Where in the lead-to-close cycle is a webinar most beneficial?

Where in the lead-to-close cycle is a webinar most beneficial? The question came in after a recent conference I spoke at.

Hi Roger, thanks for the informative session and offer to answer a follow up question. We’re a mid-sized company selling professional services, and we use webinars with mixed results. Where in the lead-to-close cycle is a webinar most beneficial? Rachel

Hey Rachel, thanks for writing.

First I’ll give you the short answer: everywhere.

Now, lest that seem like a biased opinion from an industry old timer, let me entreat you to read a bit further. And be sure you should grab one of the couple papers I’ve linked to down below.

Here’s an explanation to supplement the papers.

Remember that web conferencing is a medium, not a communication format

Generally true out there in webinar land is the assumption that a webinar is about 45 minutes of presentation plus Q&A at the end. Hogwash.

We don’t look at Microsoft Word and assume there’s only one way to write something, right? We have to know if we’re writing a white paper or a blog post or a video script. Word might be your tool for communicating in a written medium, but the style of communication is different based on purpose.

So how do we as human beings communicate throughout the lead-to-close cycle? We make presentations, we have conversations or meetings, we make product or service demonstrations, we host conferences where we put a thought leader on stage, and on and on.

Now just do that online. Web conferencing is one medium through which to do it, but if your webinars have only one approach to content or way of doing them, that might be why your results aren’t optimum.

Tailor your webinar style to the stage in the sales cycle

Plenty of folks have written about the buyer’s journey and tailoring content and messaging to optimize effectiveness, but let’s address it to the style of webinar you host.

In short, my research shows that people attending webinars to hear thought leaders are least likely to expect interaction, whereas later in the cycle they’re likely there for different reasons (and very much expect a dialogue). See both papers below.

Remember that there’s always disparity between target and actual audiences

Just because you host a webinar tailored to one stage of your funnel doesn’t mean that people don’t show up who are in different stages of their journey. But you’re speaking to those who are in that phase or stage.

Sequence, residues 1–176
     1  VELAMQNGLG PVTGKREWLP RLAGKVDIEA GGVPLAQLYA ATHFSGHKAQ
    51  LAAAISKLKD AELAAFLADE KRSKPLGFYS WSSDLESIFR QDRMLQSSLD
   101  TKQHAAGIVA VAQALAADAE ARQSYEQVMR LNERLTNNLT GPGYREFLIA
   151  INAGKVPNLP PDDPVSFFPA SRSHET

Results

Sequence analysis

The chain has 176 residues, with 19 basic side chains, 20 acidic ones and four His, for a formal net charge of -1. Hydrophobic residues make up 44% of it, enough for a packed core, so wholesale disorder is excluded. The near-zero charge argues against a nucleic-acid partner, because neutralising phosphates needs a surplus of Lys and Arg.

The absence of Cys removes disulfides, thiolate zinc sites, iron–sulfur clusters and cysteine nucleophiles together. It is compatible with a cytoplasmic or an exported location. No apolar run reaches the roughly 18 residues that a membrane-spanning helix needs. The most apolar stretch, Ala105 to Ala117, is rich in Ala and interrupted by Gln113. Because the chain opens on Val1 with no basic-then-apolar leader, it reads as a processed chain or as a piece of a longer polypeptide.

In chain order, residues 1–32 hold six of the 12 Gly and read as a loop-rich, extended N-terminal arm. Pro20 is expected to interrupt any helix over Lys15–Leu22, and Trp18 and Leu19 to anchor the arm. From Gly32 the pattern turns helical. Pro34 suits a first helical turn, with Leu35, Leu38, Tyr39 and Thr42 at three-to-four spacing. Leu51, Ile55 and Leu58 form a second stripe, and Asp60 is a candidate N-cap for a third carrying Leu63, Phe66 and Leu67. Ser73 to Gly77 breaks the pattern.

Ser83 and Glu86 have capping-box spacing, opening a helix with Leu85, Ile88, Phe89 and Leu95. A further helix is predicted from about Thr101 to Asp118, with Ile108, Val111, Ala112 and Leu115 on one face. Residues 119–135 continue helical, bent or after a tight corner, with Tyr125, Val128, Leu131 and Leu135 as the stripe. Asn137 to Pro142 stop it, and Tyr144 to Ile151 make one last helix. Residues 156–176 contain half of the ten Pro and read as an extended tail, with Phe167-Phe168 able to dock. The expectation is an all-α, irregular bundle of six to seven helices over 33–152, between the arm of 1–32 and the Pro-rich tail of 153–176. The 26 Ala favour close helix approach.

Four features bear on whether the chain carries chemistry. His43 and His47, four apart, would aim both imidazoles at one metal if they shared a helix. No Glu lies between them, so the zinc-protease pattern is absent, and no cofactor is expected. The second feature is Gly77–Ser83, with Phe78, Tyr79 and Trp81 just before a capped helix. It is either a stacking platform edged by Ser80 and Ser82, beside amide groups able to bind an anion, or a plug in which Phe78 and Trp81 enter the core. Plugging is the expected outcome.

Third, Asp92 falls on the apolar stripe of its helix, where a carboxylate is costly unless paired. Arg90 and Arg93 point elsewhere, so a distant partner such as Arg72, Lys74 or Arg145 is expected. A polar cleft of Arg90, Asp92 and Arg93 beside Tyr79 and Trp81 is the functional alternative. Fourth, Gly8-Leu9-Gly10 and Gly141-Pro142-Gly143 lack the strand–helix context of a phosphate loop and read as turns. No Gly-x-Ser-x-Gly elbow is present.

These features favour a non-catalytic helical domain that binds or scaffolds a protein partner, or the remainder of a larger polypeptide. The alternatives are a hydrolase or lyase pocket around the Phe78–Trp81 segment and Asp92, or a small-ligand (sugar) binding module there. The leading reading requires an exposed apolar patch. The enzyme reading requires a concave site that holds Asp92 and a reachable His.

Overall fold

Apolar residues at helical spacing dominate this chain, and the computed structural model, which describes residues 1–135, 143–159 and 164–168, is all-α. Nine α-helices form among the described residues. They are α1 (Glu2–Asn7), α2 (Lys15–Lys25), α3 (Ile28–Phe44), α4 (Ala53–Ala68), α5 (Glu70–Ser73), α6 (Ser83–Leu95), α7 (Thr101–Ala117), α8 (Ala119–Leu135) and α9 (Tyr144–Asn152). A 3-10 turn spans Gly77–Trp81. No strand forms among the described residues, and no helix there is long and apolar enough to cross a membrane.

One other tip: be sure to be clear about what the purpose of the webinar is both in promotions and even in the opening comments. People don’t mind sales demos…when they’re expecting them.

The bottom line: You also need to become a teacher

Now that you’re better equipped, you will find that over and over that you run into other people that think a webinar is a content and style format. That it has to be an hour long. That you’re going to do them like all the other webinars people have seen (not usually good examples).

If you introduce something different like the idea of doing a 20-minute webinar with extended Q&A or stopping in the middle for questions or changing up how you script the intro based on the style of webinar you’re doing (see “Why Webinar Attendees Leave Early” research below), you’ll sometimes meet resistance.

Tell ‘em what I tell ‘em: “A Word document can be used for a lot of different types of writing, right? We use web conferencing for a lot of different types of audio/visual communication.”

And remember this: some will listen, and some won’t. Give yourself a little grace, and good luck to you, Rachel!



2 thoughts on “Where in the lead-to-close cycle is a webinar most beneficial?

  1. Dylan Jones

    Just stumbled on your website Roger, it’s great to finally meet someone else who doesn’t just view webinars as a thinly veiled sales vehicle.

    The key takeaway I feel is this great comment:

    “…be sure to be clear about what the purpose of the webinar is…”

    So many vendors, particularly in the tech space, dangle the carrot of educational content and then hit the delegates with a product promo 15 minutes in. If you’re doing a product promo, pitch it as that, if it’s educational with a product demo, tell it like it is!

    I also think another big problem is that a lot of vendors see webinars as a one-time path to conversion. I’m constantly trying to relay the value of taking an audience on a journey and to do this you simply can’t screw people over first time around. A lot of our clients find that their deals come after prospects have watched at least 5 webinars spanning a broad range of educational and product related content.

    Thanks for sharing Roger, love the site.

    1. TheVP

      Thanks, Dylan.

      To be sure, web conferencing and webinars can be great sales tools, but bait-and-switch isn’t cool in any context.

      Stay in touch.


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